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Alternative Isoform Regulation in Human Tissue Transcriptomes

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      Through alternative processing of pre-mRNAs, individual mammalian genes often produce multiple mRNA and protein isoforms that may have related, distinct or even opposing functions. Here we report an in-depth analysis of 15 diverse human tissue and cell line transcriptomes based on deep sequencing of cDNA fragments, yielding a digital inventory of gene and mRNA isoform expression. Analysis of mappings of sequence reads to exon-exon junctions indicated that 92-94% of human genes undergo alternative splicing (AS), ∼86% with a minor isoform frequency of 15% or more. Differences in isoform-specific read densities indicated that a majority of AS and of alternative cleavage and polyadenylation (APA) events vary between tissues, while variation between individuals was ∼2- to 3-fold less common. Extreme or ‘switch-like’ regulation of splicing between tissues was associated with increased sequence conservation in regulatory regions and with generation of full-length open reading frames. Patterns of AS and APA were strongly correlated across tissues, suggesting coordinated regulation of these processes, and sequence conservation of a subset of known regulatory motifs in both alternative introns and 3′ UTRs suggested common involvement of specific factors in tissue-level regulation of both splicing and polyadenylation.

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      The human genome holds an extraordinary trove of information about human development, physiology, medicine and evolution. Here we report the results of an international collaboration to produce and make freely available a draft sequence of the human genome. We also present an initial analysis of the data, describing some of the insights that can be gleaned from the sequence.
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        Conserved seed pairing, often flanked by adenosines, indicates that thousands of human genes are microRNA targets.

        We predict regulatory targets of vertebrate microRNAs (miRNAs) by identifying mRNAs with conserved complementarity to the seed (nucleotides 2-7) of the miRNA. An overrepresentation of conserved adenosines flanking the seed complementary sites in mRNAs indicates that primary sequence determinants can supplement base pairing to specify miRNA target recognition. In a four-genome analysis of 3' UTRs, approximately 13,000 regulatory relationships were detected above the estimate of false-positive predictions, thereby implicating as miRNA targets more than 5300 human genes, which represented 30% of our gene set. Targeting was also detected in open reading frames. In sum, well over one third of human genes appear to be conserved miRNA targets.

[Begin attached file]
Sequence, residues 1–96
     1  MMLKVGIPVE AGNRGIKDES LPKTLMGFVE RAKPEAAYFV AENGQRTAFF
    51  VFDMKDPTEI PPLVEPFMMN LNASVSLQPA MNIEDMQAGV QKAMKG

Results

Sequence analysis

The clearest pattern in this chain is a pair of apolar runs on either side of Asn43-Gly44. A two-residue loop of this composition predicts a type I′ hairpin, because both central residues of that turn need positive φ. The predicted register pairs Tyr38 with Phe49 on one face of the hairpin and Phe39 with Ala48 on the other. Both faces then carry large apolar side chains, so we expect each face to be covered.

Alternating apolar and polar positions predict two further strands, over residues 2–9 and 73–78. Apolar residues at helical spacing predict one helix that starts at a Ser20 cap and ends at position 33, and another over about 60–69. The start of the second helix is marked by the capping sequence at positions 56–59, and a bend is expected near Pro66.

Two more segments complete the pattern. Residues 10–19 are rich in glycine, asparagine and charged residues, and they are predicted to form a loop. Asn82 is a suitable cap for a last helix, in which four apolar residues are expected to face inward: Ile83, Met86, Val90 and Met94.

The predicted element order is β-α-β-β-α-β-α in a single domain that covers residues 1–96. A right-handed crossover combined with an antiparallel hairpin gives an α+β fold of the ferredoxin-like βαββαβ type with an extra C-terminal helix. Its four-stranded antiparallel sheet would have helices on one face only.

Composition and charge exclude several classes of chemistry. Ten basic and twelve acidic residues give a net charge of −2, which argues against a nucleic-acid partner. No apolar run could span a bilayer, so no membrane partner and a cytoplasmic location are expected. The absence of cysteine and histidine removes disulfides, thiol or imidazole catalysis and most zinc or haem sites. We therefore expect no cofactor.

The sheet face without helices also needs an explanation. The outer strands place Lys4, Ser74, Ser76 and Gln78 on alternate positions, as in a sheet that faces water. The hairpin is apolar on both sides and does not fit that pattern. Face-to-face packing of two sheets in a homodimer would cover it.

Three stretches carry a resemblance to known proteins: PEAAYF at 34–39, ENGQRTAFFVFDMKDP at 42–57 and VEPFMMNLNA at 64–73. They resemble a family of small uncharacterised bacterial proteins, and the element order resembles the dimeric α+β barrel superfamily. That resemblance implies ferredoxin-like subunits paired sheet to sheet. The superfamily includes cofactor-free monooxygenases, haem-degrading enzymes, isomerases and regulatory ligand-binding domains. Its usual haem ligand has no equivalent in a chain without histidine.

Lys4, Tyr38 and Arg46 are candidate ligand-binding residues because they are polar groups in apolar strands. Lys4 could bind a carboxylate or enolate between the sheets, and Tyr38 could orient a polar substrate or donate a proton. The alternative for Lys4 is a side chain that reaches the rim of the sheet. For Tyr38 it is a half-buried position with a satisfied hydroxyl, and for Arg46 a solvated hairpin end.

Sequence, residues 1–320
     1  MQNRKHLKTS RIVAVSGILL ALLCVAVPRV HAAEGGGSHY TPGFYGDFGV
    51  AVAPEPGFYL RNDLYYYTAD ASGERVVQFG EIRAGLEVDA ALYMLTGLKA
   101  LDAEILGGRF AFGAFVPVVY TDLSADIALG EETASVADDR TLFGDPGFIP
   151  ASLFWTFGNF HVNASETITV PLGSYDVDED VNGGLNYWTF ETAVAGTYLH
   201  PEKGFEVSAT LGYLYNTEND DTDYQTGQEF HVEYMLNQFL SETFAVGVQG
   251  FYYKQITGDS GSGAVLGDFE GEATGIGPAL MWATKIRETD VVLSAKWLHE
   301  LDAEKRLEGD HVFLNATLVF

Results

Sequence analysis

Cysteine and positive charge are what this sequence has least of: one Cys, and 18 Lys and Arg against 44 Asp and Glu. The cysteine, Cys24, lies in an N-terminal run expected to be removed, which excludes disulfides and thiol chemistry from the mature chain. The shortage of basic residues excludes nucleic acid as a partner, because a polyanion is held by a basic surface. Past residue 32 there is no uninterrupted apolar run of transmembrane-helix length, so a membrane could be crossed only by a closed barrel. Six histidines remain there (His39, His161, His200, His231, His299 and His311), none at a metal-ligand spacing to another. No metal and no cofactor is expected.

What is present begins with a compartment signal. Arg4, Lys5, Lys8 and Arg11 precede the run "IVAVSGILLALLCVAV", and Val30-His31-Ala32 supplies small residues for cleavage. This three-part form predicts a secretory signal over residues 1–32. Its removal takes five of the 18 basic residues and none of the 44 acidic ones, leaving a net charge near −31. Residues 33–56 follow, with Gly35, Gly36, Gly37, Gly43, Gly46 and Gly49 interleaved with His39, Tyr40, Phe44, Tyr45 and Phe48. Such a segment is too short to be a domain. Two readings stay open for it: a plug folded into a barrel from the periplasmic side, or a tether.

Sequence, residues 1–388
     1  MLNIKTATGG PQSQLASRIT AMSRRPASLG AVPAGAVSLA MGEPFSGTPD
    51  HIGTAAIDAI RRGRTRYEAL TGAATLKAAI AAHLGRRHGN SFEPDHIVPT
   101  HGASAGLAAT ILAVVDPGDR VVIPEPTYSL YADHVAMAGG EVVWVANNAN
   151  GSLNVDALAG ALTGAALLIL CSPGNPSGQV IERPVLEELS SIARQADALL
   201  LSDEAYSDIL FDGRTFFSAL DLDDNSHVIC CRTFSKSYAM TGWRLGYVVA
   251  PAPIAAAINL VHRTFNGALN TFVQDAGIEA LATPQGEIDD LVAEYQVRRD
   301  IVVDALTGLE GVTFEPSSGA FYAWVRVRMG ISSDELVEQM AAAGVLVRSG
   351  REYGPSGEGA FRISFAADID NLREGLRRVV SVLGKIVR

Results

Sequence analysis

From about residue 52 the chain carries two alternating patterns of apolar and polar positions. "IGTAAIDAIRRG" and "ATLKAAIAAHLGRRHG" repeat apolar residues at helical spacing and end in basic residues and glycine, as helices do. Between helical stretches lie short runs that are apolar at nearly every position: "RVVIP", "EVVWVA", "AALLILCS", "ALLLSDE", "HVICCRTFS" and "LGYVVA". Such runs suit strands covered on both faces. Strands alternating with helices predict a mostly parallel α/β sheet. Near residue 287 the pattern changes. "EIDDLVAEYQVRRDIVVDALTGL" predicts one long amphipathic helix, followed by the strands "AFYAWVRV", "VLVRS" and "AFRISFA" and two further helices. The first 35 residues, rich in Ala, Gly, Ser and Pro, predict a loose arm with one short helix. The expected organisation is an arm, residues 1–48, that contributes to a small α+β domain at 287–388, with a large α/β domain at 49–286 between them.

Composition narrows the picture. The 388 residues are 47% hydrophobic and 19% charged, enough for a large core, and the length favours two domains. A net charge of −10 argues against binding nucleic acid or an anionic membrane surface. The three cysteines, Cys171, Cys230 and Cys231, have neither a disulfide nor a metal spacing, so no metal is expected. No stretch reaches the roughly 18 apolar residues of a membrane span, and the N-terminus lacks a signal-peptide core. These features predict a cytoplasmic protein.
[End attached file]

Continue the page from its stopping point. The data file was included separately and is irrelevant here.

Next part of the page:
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          The MicroArray Quality Control (MAQC) project shows inter- and intraplatform reproducibility of gene expression measurements.

          Over the last decade, the introduction of microarray technology has had a profound impact on gene expression research. The publication of studies with dissimilar or altogether contradictory results, obtained using different microarray platforms to analyze identical RNA samples, has raised concerns about the reliability of this technology. The MicroArray Quality Control (MAQC) project was initiated to address these concerns, as well as other performance and data analysis issues. Expression data on four titration pools from two distinct reference RNA samples were generated at multiple test sites using a variety of microarray-based and alternative technology platforms. Here we describe the experimental design and probe mapping efforts behind the MAQC project. We show intraplatform consistency across test sites as well as a high level of interplatform concordance in terms of genes identified as differentially expressed. This study provides a resource that represents an important first step toward establishing a framework for the use of microarrays in clinical and regulatory settings.

            Author and article information

            [1 ]Dept. of Biology, Massachusetts Institute of Technology, Cambridge, MA 02139 USA
            [2 ]Harvard-MIT Division of Health Sciences and Technology, Cambridge, MA 02139 USA
            [3 ]Dept. of Cell and Molecular Biology, Karolinska Institutet, 171 77 Stockholm, Sweden
            [4 ]Illumina Inc., 25861 Industrial Boulevard, Hayward, CA 94545 USA
            [5 ]Whitehead Institute for Biomedical Research, Cambridge, MA 02142 USA
            [6 ]National Center for Genome Resources, 2935 Rodeo Park Drive East, Santa Fe, NM 87505 USA
            Author notes

            Correspondence should be addressed to: cburge@ , Ph: (617) 258-5997, Fax: (617) 452-2936.


            These authors contributed equally to this work

            6 October 2008
            27 November 2008
            27 May 2009
            : 456
            : 7221
            : 470-476
            Funded by: National Human Genome Research Institute : NHGRI
            Funded by: National Institute of General Medical Sciences : NIGMS
            Award ID: R01 HG002439-07 ||HG
            Funded by: National Human Genome Research Institute : NHGRI
            Funded by: National Institute of General Medical Sciences : NIGMS
            Award ID: R01 GM085319-01 ||GM



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